There was a time — a few seasons ago, maybe even a moment or two last season — when I would’ve loved to learn that Ted and Robin wound up together. They were so good early on in the show’s history. Ted truly loved her, and he would have done anything for her. HIMYM spent a large chunk of time, though, telling us why Ted and Robin couldn’t be together. They didn’t agree on where to live. They didn’t share the same goals when it came to having kids. They had tried several times to be together but could never make it work.

Maybe HIMYM could have patched over all of that if it wasn’t for one tiny thing.

The Mother.

HIMYM was a victim of its own success on this issue. Maybe fans could have accepted The Mother passing away in a montage and Ted winding up with Robin if the show hadn’t done such a spectacular job making The Mother an amazing character. Over the course of just one season, HIMYM turned this elusive character into someone that we rooted for and really, really wanted to see end up with Ted. “How Your Mother Met Me” showed us the world from Tracy’s side, even managing to deliver a heartbreaking story about how she lost the love of her life early on. Thanks to the show’s writing staff and Cristin Milioti, HIMYM had a huge victory on its hands with The Mother.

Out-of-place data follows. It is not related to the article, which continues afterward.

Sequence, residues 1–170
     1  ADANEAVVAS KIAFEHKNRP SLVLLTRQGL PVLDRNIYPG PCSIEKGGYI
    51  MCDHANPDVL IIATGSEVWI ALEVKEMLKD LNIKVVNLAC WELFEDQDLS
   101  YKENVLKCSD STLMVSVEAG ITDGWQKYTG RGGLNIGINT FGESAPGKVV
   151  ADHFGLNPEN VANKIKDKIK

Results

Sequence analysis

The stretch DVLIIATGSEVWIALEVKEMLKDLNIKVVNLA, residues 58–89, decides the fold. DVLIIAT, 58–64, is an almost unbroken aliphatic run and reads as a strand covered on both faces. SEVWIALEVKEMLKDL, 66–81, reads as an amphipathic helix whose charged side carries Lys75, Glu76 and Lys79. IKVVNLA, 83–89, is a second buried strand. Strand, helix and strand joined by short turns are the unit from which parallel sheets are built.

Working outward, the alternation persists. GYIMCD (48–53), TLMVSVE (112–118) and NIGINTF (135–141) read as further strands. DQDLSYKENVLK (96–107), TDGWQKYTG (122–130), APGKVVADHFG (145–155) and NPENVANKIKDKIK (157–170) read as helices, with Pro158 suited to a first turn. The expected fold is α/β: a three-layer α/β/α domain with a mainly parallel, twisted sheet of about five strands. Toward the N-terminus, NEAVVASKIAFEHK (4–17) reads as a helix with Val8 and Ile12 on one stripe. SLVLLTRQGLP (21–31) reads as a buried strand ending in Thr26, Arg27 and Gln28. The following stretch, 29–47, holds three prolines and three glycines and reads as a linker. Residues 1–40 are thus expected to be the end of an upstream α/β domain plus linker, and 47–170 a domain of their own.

Asking fans to drop all of that with a simple line about The Mother getting sick and passing away was a very difficult request. If HIMYM had given us a flat, unconvincing version of this character, it probably would have been easier to move on so quickly. Instead, we were asked to forget her and everything she represented when it came to Ted’s search for his soulmate, in just seconds.

Combining this challenge with the fact that HIMYM had done everything it could to convince us that Ted and Robin weren’t right for each other is what’s left fans torn about “Last Forever.”